Levothyroxine offers no benefit in subclinical hypothyroidism in elderly, finds JAMA Study
Delhi: Treatment with levothyroxine compared with placebo did not significantly improve hypothyroid symptoms or fatigue in adults aged 80 years and older with subclinical hypothyroidism, reveals prospectively planned analysis of data from 2 clinical trials. Thereby, the findings, published in the journal JAMA do not support the routine use of levothyroxine for treatment of subclinical hypothyroidism in such individuals.
According to Mayo Clinic, levothyroxine is used to treat hypothyroidism, a condition where the thyroid gland does not produce enough thyroid hormone. Levothyroxine is a manufactured form of the thyroid hormone thyroxine. But whether levothyroxine treatment provides clinically important benefits in adults aged 80 years and older with subclinical hypothyroidism is still unclear.
Simon P. Mooijaart, Leiden University Medical Center, Leiden, the Netherlands, and colleagues determined the association of levothyroxine treatment for subclinical hypothyroidism with thyroid-related quality of life in adults aged 80 years and older.
The study involved a prospective planned combined analysis of data involving community-dwelling adults aged 80 years and older with subclinical hypothyroidism. Data from a randomized clinical trial were combined with a subgroup of participants aged 80 years and older from a second clinical trial. Participants were randomly assigned to receive levothyroxine (n = 112; 52 participants from the first trial and 60 from the second trial) or placebo (n = 139; 53 participants from the first trial and 86 from the second trial). The trials were conducted between April 2013 and May 2018. Final follow-up was May 4, 2018.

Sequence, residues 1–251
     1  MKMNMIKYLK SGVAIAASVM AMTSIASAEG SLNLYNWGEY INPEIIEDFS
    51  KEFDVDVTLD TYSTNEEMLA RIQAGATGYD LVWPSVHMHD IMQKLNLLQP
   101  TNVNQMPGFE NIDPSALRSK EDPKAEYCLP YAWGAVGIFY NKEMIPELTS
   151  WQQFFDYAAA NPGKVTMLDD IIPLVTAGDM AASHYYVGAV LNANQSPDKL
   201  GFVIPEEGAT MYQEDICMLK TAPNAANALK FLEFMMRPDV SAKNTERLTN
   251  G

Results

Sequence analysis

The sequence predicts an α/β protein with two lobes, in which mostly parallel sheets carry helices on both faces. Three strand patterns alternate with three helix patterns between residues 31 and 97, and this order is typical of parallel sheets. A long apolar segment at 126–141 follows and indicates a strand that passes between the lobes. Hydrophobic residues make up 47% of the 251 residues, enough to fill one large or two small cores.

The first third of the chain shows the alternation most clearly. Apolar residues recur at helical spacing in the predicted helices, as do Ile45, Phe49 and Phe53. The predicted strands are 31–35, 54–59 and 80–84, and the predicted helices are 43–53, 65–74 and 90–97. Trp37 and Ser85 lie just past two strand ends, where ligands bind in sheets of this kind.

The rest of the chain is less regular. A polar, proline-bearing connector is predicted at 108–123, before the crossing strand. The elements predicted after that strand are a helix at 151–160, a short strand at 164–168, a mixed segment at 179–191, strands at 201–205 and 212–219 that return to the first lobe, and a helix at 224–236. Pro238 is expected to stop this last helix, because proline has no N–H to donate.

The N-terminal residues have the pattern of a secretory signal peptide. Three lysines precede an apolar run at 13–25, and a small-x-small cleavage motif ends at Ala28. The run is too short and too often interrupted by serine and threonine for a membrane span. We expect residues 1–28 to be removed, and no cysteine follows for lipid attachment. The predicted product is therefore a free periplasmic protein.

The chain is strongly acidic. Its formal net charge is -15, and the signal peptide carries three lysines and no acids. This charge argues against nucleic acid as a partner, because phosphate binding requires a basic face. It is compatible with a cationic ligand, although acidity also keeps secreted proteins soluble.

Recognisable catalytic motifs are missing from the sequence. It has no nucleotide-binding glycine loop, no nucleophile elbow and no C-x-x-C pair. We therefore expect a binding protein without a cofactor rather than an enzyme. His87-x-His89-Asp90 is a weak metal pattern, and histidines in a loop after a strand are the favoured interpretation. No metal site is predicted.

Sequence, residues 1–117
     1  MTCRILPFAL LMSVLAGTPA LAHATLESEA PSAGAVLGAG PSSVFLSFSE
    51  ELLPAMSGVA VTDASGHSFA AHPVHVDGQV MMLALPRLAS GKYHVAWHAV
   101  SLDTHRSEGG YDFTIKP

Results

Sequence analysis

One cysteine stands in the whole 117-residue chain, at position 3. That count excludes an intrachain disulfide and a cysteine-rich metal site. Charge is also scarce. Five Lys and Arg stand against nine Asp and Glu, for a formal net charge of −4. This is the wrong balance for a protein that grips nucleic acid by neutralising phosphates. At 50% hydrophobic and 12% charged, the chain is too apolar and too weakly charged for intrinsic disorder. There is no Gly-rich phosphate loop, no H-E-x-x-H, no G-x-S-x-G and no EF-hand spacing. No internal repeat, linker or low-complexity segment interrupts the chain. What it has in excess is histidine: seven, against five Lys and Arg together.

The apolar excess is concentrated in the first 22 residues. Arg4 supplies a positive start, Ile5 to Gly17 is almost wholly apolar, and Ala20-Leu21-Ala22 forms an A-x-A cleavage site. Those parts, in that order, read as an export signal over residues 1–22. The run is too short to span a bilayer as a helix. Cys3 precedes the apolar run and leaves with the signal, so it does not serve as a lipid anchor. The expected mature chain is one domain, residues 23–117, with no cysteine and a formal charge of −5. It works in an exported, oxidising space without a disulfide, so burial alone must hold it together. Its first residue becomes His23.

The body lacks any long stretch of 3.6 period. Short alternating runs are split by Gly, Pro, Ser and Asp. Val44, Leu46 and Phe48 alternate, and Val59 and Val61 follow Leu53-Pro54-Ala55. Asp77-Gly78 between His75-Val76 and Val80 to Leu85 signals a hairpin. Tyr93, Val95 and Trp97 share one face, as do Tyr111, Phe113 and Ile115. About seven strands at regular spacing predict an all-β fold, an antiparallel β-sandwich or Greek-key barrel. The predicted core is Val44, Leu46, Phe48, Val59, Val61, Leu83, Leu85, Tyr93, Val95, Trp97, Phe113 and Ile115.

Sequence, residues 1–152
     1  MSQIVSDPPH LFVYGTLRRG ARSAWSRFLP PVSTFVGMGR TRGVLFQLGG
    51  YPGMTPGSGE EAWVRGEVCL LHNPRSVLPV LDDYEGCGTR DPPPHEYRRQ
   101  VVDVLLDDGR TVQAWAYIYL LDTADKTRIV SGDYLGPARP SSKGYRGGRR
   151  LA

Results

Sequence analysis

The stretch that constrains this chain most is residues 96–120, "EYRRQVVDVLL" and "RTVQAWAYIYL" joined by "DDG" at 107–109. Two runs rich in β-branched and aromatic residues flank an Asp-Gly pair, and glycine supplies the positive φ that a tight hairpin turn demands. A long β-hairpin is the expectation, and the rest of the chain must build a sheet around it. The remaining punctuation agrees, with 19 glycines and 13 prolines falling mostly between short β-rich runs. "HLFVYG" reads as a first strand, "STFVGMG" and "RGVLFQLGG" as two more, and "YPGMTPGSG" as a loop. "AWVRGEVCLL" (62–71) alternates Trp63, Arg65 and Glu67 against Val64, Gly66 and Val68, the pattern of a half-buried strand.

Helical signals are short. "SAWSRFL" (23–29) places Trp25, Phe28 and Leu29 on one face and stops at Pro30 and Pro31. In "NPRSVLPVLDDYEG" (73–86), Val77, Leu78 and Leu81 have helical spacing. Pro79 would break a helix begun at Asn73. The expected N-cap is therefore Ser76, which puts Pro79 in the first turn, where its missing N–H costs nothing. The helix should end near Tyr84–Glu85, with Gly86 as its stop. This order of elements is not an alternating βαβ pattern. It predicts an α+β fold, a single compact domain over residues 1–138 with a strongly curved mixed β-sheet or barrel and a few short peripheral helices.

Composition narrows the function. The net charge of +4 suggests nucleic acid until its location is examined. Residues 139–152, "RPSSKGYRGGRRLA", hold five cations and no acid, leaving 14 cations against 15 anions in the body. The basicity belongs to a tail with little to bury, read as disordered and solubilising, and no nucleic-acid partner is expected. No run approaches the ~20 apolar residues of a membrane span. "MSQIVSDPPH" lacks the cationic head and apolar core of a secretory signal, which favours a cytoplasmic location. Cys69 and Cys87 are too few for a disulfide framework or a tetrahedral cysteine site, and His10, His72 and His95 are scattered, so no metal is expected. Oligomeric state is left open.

Of 251 participants (mean age, 85 years; 118 [47%] women), 105 were included from the first clinical trial and 146 were included from the second clinical trial. A total of 212 participants (84%) completed the study.
Key findings of the study include:
- The hypothyroid symptoms score decreased from 21.7 at baseline to 19.3 at 12 months in the levothyroxine group vs from 19.8 at baseline to 17.4 at 12 months in the placebo group (adjusted between-group difference, 1.3).
- The tiredness score increased from 25.5 at baseline to 28.2 at 12 months in the levothyroxine group vs from 25.1 at baseline to 28.7 at 12 months in the placebo group (adjusted between-group difference, −0.1).
- At least 1 adverse event occurred in 33 participants (29.5%) in the levothyroxine group (the most common adverse event was cerebrovascular accident, which occurred in 3 participants [2.2%]) and 40 participants (28.8%) in the placebo group (the most common adverse event was pneumonia, which occurred in 4 [3.6%] participants).
"In this prospectively planned analysis of data from 2 clinical trials involving adults aged 80 years and older with subclinical hypothyroidism, treatment with levothyroxine, compared with placebo, was not significantly associated with improvement in hypothyroid symptoms or fatigue," wrote the authors.
Based on the study findings, Anne R. Cappola, Department of Medicine, University of Pennsylvania, Philadelphia, calls for a change in the thyrotropin reference range in older patients, in an accompanying editorial.
"The reference range provided with the laboratory test result should align with the threshold for additional clinical action. When the reference range denoting a normal result is not aligned with the reference range needed for optimal health, confusion arises," she wrote. "Patients interpret the reference range as a normal range and question why abnormal test results are being ignored. Clinicians looking for an explanation for a patient’s symptoms may incorrectly focus on a result outside of the reference range. Accurate laboratory reference ranges are essential for good clinical care."
More Information: "Association Between Levothyroxine Treatment and Thyroid-Related Symptoms Among Adults Aged 80 Years and Older With Subclinical Hypothyroidism" published in the JAMA journal.
Journal Information: JAMA